Reactivation of an X chromosome may be involved in the predisposition of women to autoimmune diseases

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Researchers have recently discovered that reactivation of one copy of the X chromosome in women at least partly explains their predisposition to autoimmune diseases. Naturally deactivated from the start of embryonic development, this copy can be reactivated at a certain stage of aging. This would thus “wake up” genes supposed to be permanently inactive, including some regulating immune cells.

In mammals, biological sex is determined by the presence in each cell of two X chromosomes for females and X and Y chromosomes for males. The Y chromosome contains only a few active genes. It is therefore entirely possible to live without it. On the other hand, no cell, whether male or female, can survive without at least one copy of the X chromosome, which contains several hundred active genes.

However, having two X chromosomes logically implies the production of twice as many proteins specific to this chromosome, which would be fatal for the cells. As a result, each female cell at the beginning of embryogenesis is programmed to deactivate the activity of one of the copies of these two X chromosomes. This inactivation is then maintained in all future daughter cells during fetal development and postnatal. In this way, female cells produce the same amount of specific proteins as male cells, which only have one X chromosome.

However, researchers from Paris Cité University and Paul Sabatier University (in Toulouse) reveal that in women, the copy of the X chromosome that is supposed to be deactivated begins to reactivate as they age. This reactivation would be partly involved in their predisposition to autoimmune diseases. Indeed, the X chromosome has a very large number of genes involved in immune functions, including TLR7, TASL and CXCR3 or CD40LG, which tend to be overexpressed in autoimmune diseases.

On the other hand, studies have shown that men with Klinefelter syndrome (who have an extra X chromosome) have an equivalent risk to women of developing relatively rare immune disorders, such as systemic lupus erythematosus (SLE), Sjögren syndrome (affecting connective tissue) or systemic sclerosis.

However, the exact mechanisms governing these marked sexual dimorphisms in immune functions are not fully understood. The French researchers therefore explored the phenomenon further in their new study, recently published in the journal Science Advances.

A reactivation linked to aging

At the beginning of embryogenesis, the inactivation of the copy of the X chromosome is carried out through a molecule called “Xist”. The Xist gene is present on all X chromosomes, even in males, but it is only activated when they have a matching pair. In women, the gene (a long non-coding RNA strand) attaches to one of the copies of the X chromosome to stop its activity completely (or close to it).

While in most cells the repressed state of one of the copies of the X chromosome is maintained, studies have previously shown that this state has certain specificities at the level of immune cells. Indeed, the TLR7, TASL and CXCR3 genes would tend to escape deactivation by Xist and would be substantially transcribed in immune cells, even in the physiological state. This transcription is more pronounced in people suffering from an autoimmune disease.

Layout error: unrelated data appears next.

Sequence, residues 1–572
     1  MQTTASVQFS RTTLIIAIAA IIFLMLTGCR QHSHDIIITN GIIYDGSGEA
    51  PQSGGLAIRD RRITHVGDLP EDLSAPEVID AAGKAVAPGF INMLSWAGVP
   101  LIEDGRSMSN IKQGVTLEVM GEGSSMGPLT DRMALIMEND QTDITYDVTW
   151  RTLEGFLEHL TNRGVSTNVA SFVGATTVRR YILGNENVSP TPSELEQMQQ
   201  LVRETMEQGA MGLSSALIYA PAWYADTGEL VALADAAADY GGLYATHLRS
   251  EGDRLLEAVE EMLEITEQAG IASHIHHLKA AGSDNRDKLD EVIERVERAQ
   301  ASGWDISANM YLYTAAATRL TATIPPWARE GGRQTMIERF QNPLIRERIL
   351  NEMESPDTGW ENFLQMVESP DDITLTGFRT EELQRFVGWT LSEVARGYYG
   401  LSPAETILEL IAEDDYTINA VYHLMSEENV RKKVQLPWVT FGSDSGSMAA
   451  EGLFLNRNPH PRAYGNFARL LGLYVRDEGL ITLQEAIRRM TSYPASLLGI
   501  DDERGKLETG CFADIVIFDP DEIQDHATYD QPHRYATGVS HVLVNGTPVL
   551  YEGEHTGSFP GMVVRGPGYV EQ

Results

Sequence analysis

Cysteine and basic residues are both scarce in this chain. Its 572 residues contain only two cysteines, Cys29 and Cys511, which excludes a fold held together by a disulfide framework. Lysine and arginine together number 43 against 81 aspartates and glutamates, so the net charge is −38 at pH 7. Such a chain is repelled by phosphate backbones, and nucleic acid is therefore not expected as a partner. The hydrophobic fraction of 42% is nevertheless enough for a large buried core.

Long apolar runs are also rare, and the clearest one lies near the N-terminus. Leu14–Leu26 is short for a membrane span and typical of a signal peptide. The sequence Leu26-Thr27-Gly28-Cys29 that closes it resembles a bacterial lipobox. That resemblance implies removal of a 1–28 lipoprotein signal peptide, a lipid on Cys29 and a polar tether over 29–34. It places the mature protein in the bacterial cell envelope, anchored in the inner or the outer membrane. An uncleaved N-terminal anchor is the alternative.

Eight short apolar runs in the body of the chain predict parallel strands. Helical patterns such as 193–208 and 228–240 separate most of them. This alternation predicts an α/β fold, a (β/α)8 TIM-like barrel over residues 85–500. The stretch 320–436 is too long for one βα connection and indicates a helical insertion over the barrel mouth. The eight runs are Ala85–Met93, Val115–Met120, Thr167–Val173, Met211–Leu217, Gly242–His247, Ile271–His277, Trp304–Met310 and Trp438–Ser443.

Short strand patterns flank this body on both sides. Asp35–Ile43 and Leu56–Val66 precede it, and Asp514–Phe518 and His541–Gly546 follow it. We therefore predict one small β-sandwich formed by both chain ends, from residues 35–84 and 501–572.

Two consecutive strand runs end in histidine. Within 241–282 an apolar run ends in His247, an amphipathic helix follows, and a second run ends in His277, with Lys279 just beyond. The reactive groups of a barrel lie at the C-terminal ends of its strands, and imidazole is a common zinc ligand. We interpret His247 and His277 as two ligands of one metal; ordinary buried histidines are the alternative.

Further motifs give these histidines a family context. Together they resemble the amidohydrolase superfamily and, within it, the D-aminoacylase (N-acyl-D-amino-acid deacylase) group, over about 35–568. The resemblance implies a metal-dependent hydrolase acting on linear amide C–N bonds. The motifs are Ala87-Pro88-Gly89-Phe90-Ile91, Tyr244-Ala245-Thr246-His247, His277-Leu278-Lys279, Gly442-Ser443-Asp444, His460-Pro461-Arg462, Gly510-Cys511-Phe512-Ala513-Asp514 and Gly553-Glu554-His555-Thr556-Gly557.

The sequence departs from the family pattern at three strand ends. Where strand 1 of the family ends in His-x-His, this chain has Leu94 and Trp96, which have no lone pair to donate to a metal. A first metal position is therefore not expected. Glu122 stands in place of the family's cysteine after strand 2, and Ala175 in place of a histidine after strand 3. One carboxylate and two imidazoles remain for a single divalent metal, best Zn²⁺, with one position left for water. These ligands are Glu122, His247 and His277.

To further explore the process, researchers in the new study genetically modified female mice so that the expression of the silencing gene Xist was disrupted. This means that the procedure does not completely prevent chromosome inactivation (as this would be fatal for mice), but only decreases it.

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At first, everything seemed normal and the mice showed no signs of pathology or physiological decline. However, inflammatory symptoms similar to those of lupus began to appear as they aged. In particular, they produced anti-nucleic acid autoantibodies, an age-related overproduction of B lymphocytes as well as an increased proliferation of monocytes or macrophages and dendritic cells.

type="image/webp">autoimmune x chromosome>

type="image/webp">autoimmune x chromosome>

(A) Map of the X chromosome showing genes known to constitutively escape silencing by Xist (yellow), genes with immune function and a tendency to escape silencing by Xist (orange), others genes with immune function (black) and “cleaning” genes (gray). Bottom, change between median RNA levels measured by RT-qPCR in Xist-impaired (KO) versus WT (unaltered Xist) mice for each gene, in the indicated cell type, or in a pup of 3 months (left), i.e. in 1 year old mice (right). (B) RNA levels of Tlr7, Cxcr3, Tasl, Tlr8, and Tlr13 as measured by RT-qPCR in cell types showing detectable expression. Each triangle represents RNA levels in a mouse. © Christophe Huret et al.

By analyzing the mice’s immune cells, the researchers found that genes at copies of the While overexpression of this gene is suspected to protect women against many infectious diseases, it may also make them more prone to autoimmune diseases.

According to experts, these findings would apply to all mammals and explain both why women are more vulnerable than men to autoimmune diseases and why these diseases (such as rheumatoid arthritis) tend to appear as we age. They are getting old. Understanding this correlation could potentially help identify better therapeutic targets and strategies.

Source: Science Advances


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